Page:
Predictions: for Outdoor Education, Theory, & Research
in 2003 & the Decade Ahead
Increasing disconnection between what academics interested in OE want to
spend their time doing and what people and organizations in the field want
from academics. Basically, academics want to study process, people in
the field want evaluation outcomes.
Increasingly quiet OUTRES listserv because the new generation of content is
emerging in web-form. Basically, websites such as Active
Reviewing, OutdoorEd.com, and the Outdoor Education Research & Evaluation
Center are collectively serving hundreds of hits for research info each day,
seemingly reducing traffic on listservs.
significant changes in the quality or quantity of research and knowledge
generation in traditional publication forms. Basically, it appears
that there are no current major initiatives in building substantial new
research programs or generation of new theory, etc. that are likely to bear
significant fruition in the coming year. If I could pick one
exception, it would be Keith Russell's work on AT research at the Wilderness
Research Center, Uni of Idaho. Don't get me wrong - there is other
good work around - but there is little work that is appearing as part of a
long-term knowledge-building strategy. One study proves nothing - a
series of cumulative studies can.
Increase in 'research at the fringes'. OE methodology remains
compelling and needed; it will continue to attract increasing attention from
alternative-thinking psychologists, social workers, educators, etc. and this
will continue to foster a bubbling of 'research at the fringes'.
Whilst tantalizing and interesting, such research is never going to go deep
within OE to build a new platform of knowledge.
Domination of US-based research will begin to wane. In the beginning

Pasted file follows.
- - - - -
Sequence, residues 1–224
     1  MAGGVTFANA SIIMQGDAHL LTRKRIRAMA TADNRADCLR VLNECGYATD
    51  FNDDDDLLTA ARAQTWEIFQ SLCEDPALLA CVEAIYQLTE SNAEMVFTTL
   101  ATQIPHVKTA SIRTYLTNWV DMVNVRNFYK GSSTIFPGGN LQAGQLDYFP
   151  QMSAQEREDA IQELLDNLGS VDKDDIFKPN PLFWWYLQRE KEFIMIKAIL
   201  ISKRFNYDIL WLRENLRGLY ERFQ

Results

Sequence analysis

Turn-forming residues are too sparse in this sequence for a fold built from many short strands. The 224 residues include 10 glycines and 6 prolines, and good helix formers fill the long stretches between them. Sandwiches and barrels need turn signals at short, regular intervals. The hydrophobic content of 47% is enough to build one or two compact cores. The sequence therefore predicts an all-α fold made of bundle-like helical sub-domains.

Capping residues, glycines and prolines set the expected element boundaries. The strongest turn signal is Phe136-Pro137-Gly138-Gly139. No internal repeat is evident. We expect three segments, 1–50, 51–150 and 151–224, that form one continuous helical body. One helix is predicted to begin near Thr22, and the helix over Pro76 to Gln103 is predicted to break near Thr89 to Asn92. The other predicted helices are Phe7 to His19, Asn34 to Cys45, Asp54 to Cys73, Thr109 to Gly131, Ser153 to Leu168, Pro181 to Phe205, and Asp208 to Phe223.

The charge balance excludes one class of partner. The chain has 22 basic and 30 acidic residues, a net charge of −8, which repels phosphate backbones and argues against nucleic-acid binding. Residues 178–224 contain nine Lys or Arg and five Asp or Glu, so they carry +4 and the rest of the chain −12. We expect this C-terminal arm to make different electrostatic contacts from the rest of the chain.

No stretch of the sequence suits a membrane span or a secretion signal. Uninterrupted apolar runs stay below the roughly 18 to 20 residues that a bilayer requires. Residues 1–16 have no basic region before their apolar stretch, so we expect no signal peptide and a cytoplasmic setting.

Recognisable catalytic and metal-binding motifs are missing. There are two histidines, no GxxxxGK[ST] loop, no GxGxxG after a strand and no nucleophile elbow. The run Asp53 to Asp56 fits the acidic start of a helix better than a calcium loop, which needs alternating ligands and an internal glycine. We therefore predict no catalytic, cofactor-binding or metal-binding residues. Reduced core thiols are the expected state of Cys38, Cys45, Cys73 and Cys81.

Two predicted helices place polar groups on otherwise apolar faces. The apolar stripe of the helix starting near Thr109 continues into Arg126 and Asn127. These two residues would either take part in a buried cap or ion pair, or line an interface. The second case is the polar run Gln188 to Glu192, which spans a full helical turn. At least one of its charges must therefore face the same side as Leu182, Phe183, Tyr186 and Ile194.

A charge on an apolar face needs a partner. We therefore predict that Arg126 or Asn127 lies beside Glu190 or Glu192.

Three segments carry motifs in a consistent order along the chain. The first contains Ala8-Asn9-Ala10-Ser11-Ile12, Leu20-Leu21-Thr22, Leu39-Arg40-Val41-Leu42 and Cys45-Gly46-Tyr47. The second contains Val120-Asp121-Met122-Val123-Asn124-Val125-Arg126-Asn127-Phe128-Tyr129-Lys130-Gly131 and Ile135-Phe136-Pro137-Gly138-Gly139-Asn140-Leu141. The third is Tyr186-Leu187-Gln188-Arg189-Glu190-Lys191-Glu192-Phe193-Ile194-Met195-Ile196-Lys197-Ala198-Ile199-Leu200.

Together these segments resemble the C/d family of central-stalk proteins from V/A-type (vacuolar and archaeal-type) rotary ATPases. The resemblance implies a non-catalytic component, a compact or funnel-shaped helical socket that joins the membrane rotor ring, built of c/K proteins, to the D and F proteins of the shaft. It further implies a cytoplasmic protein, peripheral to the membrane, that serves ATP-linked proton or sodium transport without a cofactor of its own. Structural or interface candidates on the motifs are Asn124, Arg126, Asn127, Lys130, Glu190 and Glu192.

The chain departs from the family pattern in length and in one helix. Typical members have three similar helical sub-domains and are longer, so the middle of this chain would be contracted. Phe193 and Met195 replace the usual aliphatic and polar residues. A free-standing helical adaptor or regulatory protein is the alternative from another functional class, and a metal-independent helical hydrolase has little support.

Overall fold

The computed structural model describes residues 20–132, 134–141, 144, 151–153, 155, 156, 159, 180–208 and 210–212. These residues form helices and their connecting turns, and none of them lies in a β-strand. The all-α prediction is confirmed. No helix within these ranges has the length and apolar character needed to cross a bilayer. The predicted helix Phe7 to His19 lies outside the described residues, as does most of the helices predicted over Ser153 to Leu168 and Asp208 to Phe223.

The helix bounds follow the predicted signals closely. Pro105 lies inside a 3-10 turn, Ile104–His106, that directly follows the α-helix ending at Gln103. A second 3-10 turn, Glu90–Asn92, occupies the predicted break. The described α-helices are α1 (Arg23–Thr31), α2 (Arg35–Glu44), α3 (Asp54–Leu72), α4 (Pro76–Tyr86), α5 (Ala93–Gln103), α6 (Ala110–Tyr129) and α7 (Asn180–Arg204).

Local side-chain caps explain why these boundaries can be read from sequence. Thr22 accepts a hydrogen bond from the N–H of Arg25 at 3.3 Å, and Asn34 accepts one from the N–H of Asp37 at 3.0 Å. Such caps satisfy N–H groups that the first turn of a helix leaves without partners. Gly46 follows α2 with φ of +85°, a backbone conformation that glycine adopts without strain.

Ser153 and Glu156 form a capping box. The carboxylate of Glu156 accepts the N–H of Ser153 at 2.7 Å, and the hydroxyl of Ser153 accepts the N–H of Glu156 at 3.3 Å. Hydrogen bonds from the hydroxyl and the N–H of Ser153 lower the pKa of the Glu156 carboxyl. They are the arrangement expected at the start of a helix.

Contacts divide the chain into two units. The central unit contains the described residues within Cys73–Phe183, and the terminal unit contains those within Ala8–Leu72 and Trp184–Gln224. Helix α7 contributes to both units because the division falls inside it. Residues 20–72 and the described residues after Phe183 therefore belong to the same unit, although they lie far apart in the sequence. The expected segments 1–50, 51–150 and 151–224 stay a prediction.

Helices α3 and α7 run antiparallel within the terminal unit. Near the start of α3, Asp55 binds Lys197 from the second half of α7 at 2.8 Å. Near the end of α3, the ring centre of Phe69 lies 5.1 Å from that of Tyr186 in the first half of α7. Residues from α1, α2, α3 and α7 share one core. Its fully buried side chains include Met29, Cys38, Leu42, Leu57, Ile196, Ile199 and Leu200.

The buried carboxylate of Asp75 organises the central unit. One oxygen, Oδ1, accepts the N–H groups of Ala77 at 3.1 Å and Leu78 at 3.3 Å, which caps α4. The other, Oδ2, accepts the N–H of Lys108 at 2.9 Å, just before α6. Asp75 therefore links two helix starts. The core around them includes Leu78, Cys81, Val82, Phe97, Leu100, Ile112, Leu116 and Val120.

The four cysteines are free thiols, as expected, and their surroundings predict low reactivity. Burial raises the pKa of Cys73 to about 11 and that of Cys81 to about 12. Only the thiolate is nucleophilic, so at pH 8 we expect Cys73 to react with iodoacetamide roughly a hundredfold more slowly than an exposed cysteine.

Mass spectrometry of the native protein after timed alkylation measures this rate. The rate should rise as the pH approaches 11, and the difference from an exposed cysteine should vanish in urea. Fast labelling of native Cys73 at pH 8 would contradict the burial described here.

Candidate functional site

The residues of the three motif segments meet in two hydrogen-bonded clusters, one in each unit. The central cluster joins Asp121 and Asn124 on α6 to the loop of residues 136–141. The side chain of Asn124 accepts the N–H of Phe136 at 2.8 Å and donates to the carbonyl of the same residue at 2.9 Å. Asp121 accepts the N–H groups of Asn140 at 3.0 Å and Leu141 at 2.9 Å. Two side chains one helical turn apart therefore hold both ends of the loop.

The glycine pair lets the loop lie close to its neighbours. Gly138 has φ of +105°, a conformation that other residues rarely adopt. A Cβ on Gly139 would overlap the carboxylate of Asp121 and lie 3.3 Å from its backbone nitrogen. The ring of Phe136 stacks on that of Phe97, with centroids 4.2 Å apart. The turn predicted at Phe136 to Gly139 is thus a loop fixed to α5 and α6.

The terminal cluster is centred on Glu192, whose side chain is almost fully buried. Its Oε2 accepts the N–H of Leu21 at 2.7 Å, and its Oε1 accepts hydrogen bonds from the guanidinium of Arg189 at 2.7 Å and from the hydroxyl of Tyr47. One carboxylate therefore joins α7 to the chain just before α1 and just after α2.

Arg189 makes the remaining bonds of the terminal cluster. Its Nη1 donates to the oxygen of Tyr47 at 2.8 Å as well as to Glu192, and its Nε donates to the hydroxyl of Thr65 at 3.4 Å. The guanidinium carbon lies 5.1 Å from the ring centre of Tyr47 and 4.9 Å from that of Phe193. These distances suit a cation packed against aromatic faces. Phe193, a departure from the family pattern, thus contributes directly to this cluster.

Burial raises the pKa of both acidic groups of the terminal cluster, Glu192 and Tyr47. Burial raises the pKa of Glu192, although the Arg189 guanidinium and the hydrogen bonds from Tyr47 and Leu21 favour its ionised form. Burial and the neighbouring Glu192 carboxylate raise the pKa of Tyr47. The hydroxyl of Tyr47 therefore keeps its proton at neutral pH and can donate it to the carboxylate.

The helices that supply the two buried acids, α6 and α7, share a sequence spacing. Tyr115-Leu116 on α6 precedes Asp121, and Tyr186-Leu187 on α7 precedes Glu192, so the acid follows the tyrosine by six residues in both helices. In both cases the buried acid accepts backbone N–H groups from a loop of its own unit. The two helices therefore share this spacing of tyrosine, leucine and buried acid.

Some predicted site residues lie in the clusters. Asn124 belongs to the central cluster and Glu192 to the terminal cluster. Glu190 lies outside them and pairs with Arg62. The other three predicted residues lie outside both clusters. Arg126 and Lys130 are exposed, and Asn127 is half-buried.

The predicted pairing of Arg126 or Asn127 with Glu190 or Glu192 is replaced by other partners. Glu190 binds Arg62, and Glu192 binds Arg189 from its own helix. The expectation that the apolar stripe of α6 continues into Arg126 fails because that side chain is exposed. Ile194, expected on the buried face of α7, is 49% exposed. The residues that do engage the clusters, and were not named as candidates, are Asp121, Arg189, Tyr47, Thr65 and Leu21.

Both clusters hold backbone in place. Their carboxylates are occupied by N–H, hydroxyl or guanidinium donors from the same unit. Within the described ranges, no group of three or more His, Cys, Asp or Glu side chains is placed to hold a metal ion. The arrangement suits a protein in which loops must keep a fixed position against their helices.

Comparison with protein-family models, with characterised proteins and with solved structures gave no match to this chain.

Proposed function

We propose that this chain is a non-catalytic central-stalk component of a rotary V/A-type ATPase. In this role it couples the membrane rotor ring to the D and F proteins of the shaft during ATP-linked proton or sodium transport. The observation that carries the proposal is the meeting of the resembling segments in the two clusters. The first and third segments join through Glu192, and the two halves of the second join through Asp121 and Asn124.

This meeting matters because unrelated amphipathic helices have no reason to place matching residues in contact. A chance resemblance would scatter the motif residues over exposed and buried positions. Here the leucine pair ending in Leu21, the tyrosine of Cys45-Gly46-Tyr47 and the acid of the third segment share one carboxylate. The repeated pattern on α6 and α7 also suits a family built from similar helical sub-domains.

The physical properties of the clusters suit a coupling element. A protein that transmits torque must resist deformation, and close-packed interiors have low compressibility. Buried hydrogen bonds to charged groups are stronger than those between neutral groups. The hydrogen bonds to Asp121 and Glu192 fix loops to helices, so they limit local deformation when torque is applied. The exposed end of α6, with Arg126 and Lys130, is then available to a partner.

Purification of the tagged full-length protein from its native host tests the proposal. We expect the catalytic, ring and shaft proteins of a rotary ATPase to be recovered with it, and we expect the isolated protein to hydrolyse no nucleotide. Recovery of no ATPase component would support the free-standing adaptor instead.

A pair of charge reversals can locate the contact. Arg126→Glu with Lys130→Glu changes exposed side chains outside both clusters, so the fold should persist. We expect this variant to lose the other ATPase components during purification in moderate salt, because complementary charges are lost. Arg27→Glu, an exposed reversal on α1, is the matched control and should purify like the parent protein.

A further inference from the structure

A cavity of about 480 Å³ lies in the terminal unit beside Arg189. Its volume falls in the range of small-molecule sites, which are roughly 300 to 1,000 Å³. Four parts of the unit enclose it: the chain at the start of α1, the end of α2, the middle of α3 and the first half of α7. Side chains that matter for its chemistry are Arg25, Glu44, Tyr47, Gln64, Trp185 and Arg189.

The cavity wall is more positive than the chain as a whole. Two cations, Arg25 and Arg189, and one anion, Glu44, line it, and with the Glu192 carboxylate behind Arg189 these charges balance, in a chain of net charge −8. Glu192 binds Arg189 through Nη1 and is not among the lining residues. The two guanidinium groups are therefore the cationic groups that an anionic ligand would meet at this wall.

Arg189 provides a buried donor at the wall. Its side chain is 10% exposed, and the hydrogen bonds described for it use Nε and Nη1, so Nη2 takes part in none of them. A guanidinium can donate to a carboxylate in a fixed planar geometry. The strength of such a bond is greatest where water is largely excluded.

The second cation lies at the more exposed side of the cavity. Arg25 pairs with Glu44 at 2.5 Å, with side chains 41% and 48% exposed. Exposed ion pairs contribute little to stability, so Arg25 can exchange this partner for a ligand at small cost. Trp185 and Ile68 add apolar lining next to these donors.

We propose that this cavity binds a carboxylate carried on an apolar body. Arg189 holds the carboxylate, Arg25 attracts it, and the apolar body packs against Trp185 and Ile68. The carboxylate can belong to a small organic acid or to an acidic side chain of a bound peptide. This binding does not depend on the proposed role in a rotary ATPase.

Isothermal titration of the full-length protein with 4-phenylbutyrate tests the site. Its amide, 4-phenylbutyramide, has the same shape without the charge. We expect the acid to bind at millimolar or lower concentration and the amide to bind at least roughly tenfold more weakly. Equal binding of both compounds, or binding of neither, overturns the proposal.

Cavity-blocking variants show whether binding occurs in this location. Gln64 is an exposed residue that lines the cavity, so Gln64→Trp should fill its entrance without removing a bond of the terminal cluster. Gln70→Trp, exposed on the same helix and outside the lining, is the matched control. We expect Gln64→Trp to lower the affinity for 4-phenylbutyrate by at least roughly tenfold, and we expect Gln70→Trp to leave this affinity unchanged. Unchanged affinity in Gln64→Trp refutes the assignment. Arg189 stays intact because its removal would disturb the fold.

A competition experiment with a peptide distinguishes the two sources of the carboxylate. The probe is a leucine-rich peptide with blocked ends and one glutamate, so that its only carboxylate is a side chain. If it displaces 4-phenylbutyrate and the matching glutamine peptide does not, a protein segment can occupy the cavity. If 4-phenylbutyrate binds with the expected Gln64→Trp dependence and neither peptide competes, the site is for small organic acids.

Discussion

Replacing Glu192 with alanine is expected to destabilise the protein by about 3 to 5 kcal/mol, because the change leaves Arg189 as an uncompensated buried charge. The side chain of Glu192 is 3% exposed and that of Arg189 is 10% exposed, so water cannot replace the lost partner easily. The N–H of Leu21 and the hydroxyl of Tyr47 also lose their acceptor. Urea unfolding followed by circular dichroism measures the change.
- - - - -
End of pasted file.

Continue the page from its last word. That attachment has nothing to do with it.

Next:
decades of OE since World War II, the UK generated the little research and
theory-building that was conducted, then the US dominated in terms of
programming, theory-building and research from the 1960s-1990s. This
domination may have peaked. Little new seems to be emerging from the
US, and there is too much focus on safety, liability, risk management, etc.
issues. On the other hand there are positive signs of
knowledge-building growth from the UK and Europe. A good example is
the strong emergence of the refocused Journal of Adventure Education &
Outdoor Leadership. In the longer-term, future decades could see the
significant emergence of OE knowledge-building from Asia. The
situation in Australia / New Zealand seems to be, like the US, somewhat
stable or in possible decline.
Adventure Therapy - the one to watch. I have always felt optimism and
excitement that within the practice and theory of adventure therapy, gems of
knowledge can be discovered and polished which will shed new light on the
way in which OE operates. With the upcoming 3rd International
Adventure Therapy conference being held in North America, and the ongoing
challenges of people coping with Western society, adventure therapy may